It’s great to see a small action camera – Drift used to do the Stealth and GoPro did the Hero Session which I still have and like a lot. But recent GoPros have been getting larger.
The camera has an IPX8 rating and is waterproof down to 4m with the replaceable lens guard attached. The charging case has no such rating.
It attaches magnetically into its storage case, which can be used to charge and control the camera, transfer files across to a computer with the supplied cable and also as a tripod with its two pull out legs and hinged lid.
The tripod legs don’t feel at all robust, but can still be useful at a pinch indoors or outdoors on a flat very stable surface if there’s no wind.
There is a standard ¼” tripod mount below the USB-C port, but since it’s slightly recessed and on a curved edge it’s not compatible with every tripod I tried.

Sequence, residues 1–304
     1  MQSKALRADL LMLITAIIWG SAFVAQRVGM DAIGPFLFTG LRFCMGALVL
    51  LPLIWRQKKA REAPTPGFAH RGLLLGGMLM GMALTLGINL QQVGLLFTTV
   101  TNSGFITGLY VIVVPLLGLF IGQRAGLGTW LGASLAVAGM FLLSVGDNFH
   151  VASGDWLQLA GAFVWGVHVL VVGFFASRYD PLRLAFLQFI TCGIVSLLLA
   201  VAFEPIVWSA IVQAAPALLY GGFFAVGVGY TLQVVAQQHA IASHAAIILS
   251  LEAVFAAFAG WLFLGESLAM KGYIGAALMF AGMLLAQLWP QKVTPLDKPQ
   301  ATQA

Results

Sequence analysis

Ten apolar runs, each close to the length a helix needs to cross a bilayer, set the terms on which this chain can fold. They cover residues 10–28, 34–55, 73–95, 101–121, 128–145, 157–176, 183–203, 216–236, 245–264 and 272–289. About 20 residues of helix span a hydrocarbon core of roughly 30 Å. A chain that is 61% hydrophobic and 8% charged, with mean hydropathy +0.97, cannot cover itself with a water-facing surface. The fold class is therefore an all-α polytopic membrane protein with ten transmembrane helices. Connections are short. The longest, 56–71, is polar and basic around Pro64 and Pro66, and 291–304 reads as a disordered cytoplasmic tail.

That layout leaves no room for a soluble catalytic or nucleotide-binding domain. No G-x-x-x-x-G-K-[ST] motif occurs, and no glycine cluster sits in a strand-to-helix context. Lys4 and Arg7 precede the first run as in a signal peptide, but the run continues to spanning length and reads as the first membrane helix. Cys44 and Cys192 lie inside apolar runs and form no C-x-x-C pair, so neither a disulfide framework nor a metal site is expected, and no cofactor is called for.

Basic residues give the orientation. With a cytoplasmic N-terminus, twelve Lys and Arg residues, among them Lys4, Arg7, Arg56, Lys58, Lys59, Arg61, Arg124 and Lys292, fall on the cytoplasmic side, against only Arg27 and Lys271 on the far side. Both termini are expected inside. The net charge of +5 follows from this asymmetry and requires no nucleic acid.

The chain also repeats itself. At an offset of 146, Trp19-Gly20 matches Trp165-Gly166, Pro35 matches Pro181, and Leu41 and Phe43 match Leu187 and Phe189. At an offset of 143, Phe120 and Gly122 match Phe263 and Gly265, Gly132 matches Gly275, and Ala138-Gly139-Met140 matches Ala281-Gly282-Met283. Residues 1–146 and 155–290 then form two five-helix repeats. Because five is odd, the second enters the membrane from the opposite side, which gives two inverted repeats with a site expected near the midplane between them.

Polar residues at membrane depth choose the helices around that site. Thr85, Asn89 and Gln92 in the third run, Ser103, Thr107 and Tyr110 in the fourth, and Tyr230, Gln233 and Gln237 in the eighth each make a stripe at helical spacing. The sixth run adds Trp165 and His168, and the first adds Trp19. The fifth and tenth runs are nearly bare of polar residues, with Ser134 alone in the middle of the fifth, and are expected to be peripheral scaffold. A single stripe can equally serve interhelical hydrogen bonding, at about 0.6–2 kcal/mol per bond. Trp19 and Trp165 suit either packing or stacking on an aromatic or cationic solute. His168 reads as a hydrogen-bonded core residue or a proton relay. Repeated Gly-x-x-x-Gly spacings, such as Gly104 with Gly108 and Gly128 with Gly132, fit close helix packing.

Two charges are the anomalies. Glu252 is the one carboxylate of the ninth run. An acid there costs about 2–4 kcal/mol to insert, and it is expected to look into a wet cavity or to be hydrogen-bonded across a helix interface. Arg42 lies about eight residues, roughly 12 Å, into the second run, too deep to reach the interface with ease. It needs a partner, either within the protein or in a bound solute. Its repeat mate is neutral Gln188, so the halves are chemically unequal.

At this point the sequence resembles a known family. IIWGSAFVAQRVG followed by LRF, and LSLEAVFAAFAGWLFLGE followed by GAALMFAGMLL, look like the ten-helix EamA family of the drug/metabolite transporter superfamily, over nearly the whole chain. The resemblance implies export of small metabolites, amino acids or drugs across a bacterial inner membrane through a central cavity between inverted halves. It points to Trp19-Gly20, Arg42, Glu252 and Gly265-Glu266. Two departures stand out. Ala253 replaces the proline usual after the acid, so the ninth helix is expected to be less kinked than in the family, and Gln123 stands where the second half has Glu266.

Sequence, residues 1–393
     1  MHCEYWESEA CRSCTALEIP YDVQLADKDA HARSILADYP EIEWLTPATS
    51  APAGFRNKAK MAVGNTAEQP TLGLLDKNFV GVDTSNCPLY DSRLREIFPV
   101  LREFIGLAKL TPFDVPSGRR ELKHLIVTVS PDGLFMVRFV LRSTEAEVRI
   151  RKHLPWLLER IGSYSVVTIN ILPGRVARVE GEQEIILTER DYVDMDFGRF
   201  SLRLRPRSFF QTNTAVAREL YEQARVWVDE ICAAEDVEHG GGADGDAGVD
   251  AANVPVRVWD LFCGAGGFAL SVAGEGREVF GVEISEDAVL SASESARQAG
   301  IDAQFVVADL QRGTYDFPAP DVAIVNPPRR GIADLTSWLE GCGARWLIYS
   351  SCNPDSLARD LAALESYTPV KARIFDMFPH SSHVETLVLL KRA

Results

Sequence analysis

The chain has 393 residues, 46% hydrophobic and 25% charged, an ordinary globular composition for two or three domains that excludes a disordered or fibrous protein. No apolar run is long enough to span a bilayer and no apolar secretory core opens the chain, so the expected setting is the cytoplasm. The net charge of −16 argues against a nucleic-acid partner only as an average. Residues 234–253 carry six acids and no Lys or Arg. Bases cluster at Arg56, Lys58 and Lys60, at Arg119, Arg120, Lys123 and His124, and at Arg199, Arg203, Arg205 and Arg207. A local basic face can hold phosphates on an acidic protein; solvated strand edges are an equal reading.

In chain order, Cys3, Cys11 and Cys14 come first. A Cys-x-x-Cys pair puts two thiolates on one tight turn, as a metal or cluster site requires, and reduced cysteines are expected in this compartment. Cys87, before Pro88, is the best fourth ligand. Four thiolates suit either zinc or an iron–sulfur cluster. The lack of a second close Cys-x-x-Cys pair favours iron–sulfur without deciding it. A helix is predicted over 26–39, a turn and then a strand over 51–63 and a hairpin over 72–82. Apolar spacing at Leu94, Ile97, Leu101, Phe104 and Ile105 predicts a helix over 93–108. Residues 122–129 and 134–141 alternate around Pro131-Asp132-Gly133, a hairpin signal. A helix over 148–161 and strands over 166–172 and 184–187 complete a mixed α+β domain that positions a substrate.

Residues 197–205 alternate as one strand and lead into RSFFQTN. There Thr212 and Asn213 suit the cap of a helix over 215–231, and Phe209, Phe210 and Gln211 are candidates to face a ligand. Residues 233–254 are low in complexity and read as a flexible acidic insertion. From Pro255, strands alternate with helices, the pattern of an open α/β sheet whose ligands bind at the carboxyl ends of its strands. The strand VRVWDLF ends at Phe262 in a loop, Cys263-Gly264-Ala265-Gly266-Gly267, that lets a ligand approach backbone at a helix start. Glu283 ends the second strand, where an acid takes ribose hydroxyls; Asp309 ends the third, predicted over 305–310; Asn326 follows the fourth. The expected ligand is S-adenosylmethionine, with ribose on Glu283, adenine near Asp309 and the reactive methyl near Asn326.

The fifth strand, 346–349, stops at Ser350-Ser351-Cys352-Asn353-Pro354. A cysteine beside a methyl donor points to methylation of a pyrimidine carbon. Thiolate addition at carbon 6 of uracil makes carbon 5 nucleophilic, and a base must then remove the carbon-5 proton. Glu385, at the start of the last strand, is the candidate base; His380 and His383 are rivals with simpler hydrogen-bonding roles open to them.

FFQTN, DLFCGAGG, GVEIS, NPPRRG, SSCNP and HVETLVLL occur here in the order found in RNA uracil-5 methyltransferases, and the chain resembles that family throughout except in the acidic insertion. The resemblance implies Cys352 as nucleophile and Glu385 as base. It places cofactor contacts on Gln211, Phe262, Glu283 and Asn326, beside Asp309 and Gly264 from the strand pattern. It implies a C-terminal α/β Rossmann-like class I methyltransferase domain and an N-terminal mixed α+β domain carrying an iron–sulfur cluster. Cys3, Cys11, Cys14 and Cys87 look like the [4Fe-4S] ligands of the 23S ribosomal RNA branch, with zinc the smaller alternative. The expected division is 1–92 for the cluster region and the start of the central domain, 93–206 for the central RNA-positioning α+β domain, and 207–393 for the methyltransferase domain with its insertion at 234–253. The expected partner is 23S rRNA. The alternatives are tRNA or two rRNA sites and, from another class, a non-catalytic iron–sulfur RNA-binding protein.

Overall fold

There’s no built-in mounting options on the camera itself – you need to use one of the proprietary accessories.
The case also has a status LED and a small hole in the lid for the microphone when using the camera in its case.
It charges using the supplied USB-C to USB-A cable – a double ended USB-C cable doesn’t work. The case’s 1100mAh battery charges in just over an hour at a little under 1A. And the camera’s 210mAh battery takes around 35 minutes for a complete charge or just over 20 minutes to get to 80%. It would have been great to have also seen wireless charging.
The camera has around 30 minutes of recording time without the case and up to 2h 30mins with the case. I’ll come back to battery life shortly.
The case’s red charging light turns green when the case is fully charged. When you open the case, it pairs with the camera. The small OLED screen displays the camera’s active mode and you can change modes using the right mode button. To start recording you press the left record button with the red dot.